History of Mardi Gras
What is your favorite holiday? Christmas, Halloween, Thanksgiving, New Years? I bet if you asked anyone from New Orleans and the surrounding areas, their answer would be Mardi Gras. “Party Gras” is the preferred name for most college students. Although the weekend before Mardi Gras day is actually one continuous party, there is a much deeper meaning to my favorite holiday. Carnival season is full of rich culture, history, and happiness.
From the mayor’s toast to Rex, King of Carnival at Gallier Hall , to the Zulu King, to Bacchus and Endymion, to the meeting of the courts of Rex and Comus at the Ball of the Mystick Krewe of Comus, to the flambeaux and the St. Aug marching band, Mardi Gras history has always been a fascination of mine and part of my life. According to historians, Mardi Gras dates back thousands of years to the ancient Romans. They celebrated the Lupercalia, a circus like festival.
When Rome embraced Christianity, the fathers decided it was better to incorporate certain aspects of pagan rituals into the new faith rather than attempt to abolish them. Carnival became a period of abandon and merriment that preceded the penance of Lent. Traditionally, in the days leading up to Lent, merrymakers would binge on all the meat, eggs, milk and cheese that remained in their homes, preparing for several weeks of eating only fish and fasting. In France, the day before Ash Wednesday came to be known as Mardi Gras, or “Fat Tuesday. The word “carnival,” was another another common name for the pre-Lenten festivities. Many historians believe that the first American Mardi Gras took place on March 3, 1699, when the French explorers Iberville and Bienville landed in what is now Louisiana, just south of the New Orleans. They held a small celebration and dubbed the spot Point du Mardi Gras. In the decades that followed, New Orleans and other French settlements began marking the holiday with street parties, masked balls and lavish dinners.
On Mardi Gras in 1827, a group of students put on colorful costumes and danced through the streets of New Orleans, emulating the revelry they’d observed while visiting Paris. Ten years later, the first recorded New Orleans Mardi Gras parade took place, a tradition that continues to this day. In 1857, a secret society of New Orleans businessmen called the Mistick Krewe of Comus organized a torch-lit Mardi Gras procession with marching bands and rolling floats, setting the tone for future public celebrations in the city.
Since then, krewes have remained a fixture of the Carnival scene throughout Louisiana. In 1872, a group of businessmen invented a King of Carnival, Rex, to parade in the first daytime parade. They introduced the Mardi Gras colors of purple for justice, green for faith, and gold for power. The identity of Rex is secret till the day before Fat Tuesday. Being the King of Rex is one of the highest honors in New Orleans, and he is chosen for his prominent standing in the community. Most Mardi Gras Krewes today developed from private social clubs that have restrictive membership policies.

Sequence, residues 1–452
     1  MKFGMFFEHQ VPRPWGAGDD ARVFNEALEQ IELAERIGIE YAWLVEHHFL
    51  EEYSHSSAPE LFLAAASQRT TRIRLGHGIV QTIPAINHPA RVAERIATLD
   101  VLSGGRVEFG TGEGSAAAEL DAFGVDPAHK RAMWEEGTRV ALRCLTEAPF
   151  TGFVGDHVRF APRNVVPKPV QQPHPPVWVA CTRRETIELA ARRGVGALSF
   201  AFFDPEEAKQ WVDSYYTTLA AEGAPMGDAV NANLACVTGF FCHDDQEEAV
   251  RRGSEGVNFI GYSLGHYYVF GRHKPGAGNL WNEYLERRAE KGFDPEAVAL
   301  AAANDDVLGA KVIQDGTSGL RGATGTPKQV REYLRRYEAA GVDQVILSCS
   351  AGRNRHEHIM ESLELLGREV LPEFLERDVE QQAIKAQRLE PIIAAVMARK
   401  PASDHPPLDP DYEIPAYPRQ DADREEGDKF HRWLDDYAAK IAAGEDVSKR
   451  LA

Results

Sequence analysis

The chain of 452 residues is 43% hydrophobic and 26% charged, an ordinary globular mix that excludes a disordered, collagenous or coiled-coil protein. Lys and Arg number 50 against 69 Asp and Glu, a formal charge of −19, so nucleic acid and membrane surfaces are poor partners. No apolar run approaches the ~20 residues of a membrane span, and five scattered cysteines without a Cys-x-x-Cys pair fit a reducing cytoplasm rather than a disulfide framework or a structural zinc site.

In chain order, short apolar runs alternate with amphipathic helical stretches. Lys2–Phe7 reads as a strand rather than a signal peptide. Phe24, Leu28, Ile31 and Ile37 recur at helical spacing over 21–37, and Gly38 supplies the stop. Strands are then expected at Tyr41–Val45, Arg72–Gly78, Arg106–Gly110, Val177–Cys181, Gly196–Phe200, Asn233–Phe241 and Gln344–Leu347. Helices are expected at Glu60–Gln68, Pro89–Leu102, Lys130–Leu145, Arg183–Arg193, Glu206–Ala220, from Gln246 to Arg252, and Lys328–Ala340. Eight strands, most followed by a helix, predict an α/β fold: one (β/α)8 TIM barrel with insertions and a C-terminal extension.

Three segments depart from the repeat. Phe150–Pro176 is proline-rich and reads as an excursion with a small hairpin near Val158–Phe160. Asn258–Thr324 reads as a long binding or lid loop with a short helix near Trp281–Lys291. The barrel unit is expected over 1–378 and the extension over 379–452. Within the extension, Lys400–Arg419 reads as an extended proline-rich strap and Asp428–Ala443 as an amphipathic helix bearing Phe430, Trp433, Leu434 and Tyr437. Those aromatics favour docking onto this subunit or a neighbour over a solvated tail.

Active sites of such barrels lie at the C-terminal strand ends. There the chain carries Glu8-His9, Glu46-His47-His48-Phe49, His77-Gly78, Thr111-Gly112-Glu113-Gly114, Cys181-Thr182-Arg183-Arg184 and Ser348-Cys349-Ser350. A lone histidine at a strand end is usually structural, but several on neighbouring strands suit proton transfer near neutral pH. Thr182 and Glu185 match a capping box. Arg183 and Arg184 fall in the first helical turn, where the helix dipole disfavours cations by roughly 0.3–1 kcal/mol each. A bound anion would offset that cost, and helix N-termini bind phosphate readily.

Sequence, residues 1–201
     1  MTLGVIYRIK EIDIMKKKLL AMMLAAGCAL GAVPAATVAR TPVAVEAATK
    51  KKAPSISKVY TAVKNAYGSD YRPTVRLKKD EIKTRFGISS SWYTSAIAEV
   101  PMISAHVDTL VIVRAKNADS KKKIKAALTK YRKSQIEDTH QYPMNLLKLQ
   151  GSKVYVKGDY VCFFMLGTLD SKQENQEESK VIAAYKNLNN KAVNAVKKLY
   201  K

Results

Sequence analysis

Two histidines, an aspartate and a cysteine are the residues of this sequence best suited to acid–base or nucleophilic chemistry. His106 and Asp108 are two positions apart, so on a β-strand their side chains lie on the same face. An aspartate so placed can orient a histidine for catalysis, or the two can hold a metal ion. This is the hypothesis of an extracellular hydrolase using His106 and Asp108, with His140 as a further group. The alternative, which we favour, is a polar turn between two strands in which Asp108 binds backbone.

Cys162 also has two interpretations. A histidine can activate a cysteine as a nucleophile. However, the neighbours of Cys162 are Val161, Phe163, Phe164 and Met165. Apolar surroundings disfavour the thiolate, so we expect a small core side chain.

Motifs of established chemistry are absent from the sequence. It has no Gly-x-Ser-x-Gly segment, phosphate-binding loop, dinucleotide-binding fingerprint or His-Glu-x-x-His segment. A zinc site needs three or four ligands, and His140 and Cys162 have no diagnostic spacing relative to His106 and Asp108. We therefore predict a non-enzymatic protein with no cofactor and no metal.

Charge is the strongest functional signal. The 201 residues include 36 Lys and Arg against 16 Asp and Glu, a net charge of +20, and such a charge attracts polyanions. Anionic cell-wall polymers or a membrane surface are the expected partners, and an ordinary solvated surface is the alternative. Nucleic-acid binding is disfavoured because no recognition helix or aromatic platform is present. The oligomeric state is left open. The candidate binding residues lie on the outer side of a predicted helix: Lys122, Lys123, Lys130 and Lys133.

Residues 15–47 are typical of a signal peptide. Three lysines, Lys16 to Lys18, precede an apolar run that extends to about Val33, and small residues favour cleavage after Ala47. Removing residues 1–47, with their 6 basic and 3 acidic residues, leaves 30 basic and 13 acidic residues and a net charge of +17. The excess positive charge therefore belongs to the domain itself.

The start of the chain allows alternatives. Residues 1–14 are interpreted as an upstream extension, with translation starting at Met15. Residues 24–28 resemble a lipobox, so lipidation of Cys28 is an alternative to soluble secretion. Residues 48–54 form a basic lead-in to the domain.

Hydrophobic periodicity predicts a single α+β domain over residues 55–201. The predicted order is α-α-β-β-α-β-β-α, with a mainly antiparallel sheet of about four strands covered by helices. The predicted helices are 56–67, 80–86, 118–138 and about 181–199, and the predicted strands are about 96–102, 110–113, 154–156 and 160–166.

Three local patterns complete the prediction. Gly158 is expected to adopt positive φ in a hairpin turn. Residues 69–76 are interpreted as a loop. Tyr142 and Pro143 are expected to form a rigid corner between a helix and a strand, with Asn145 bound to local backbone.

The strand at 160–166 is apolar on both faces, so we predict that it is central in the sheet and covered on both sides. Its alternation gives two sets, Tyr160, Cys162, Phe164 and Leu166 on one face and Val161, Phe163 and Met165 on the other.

Since all of these parade organizations are completely funded by its members, we call it the “Greatest Free Show on Earth! ” On the Christian calendar, the 12th day after Christmas is celebrated as the date that the gift-bearing Magi visited the baby Jesus. This day, January 6, is known by several names, including “Epiphany”, “Twelfth Night”, or “Kings Day”. The New Orleans tradition is believed to have begun in the 1870’s. As part of this celebration, it is now traditional to bake a cake in honor of the three kings – the King Cake.
King Cakes are oval-shaped to symbolize the unity of faiths. Each cake is decorated in the traditional Mardi Gras colors – purple representing justice, green representing faith, and gold representing power. A small baby, symbolizing the baby Jesus, is traditionally hidden inside each King Cake. January 6 marks the beginning of Carnival season. Mardi Gras balls are also a huge tradition during carnival season. Each Krewe holds a ball honoring their king and queen, the court, and also the debutantes. Some Krewes are still secretive and only the members of the society know who the King is.
Carnival tradition is for the mayor to give Rex the keys to the city. Rex and the mayor have a traditional toast at Gallier Hall, which is the official proclamation of the beginning of Mardi Gras. During the toast, Rex gives all city workers the day off and commands everyone to have a good time. Mardi Gras day is the traditional day for masking. The costumes are elaborate, Sequins and feathers rule the day. Families and friends often mask as a group. Its not unusual to see a marching box of Crayola Crayons, assorted Hubig’s pies, or a group of bare chested firemen carrying a ten foot hose.
Anything goes on Mardi Gras day. I feel so at home sitting in a fold out chair on the St. Charles Avenue neutral ground, bloody mary in hand, at 6 am on Mardi Gras day next to my family, watching everyone pass by in their Fat Tuesday costumes. So mark your calanders! Carnival season is early this year, Fat Tuesday is February 21. So have fun, call strangers your family, eat and drink till you can’t anymore, but this year, pay more attention to the details and traditions of the Carnival season.